First of all, great job taking charge of your sexual health and getting important information!
STI stands for sexually transmitted infection. Teen Clinic chooses to use the word infection instead of disease. The term disease can imply a clear medical problem with obvious signs or symptoms. However, most sexually transmitted infections have no signs or symptoms, so we prefer the word infection.
It’s good to know that when it comes to STIs, there are four modes of transmission. They are…
- Vaginal fluids
- Skin to skin contact
In order for someone to contract an STI, they would need to engage in sexual activity with a person who already has an STI in which one or more of these modes would come into play. Although STIs can be common, remember that they are preventable!
STIs can be transmitted through oral sex, anal sex, and vaginal sex. Many people think that because oral sex isn’t necessarily penetration, there is little to no risk. But the fact is, you can get all STIs (except for pubic lice) when engaging in oral sex with someone who has the infection.
But the good news is that there are ways to prevent STI transmission from happening! Using a condom for oral sex on a penis will help drastically reduce your risk of transmitting an STI. If oral sex is being performed on the vagina or anus, a dental dam can be used to help reduce your risk also! You can pick up free condoms and dental dams at Teen Clinic!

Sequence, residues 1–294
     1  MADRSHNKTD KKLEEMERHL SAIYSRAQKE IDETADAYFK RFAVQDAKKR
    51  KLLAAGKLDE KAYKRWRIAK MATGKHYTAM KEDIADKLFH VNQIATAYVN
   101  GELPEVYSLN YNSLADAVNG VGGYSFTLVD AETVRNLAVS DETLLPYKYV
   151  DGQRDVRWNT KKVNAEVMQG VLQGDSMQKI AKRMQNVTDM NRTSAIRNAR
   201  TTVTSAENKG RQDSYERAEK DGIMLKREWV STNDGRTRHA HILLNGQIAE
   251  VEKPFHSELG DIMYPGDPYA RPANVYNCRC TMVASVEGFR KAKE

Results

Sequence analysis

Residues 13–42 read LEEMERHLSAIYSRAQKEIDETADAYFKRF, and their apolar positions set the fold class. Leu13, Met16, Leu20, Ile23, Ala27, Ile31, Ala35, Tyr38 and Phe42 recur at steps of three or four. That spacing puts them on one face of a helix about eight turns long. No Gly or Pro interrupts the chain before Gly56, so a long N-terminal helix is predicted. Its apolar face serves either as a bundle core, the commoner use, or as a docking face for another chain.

Female (or internal) condoms and male (or external) condoms will also help reduce STI transmission during anal or vaginal sex.
If you are engaging in any sexual activity where sperm may come in contact with the vagina, in addition to the possibility of contracting an STI, there is also risk of pregnancy when having unprotected sex. Because both the risk of contracting an STI and/or pregnancy are so high, it’s important to use a condom correctly, consistently, and 100% of the time!
It’s important to know though that 75% of people with vaginas and 50% of people with penises show no symptoms of the most common infections! So even if you or your partners don’t have any symptoms of an infection, it’s still a good idea to get tested periodically. Some people get tested every time they have a new partner, every 6 months, or even once a year based on their risk factors. You can test for STIs 14 days after sex to get an accurate result.
Remember that the only 100% way to prevent STIs and pregnancy is to practice abstinence. Teen Clinic defines abstinence as refraining from oral, anal, and vaginal sex.
But for someone who is choosing not to practice abstinence, condoms, dental dams, and getting testing regularly will drastically reduce the risk of STI transmission.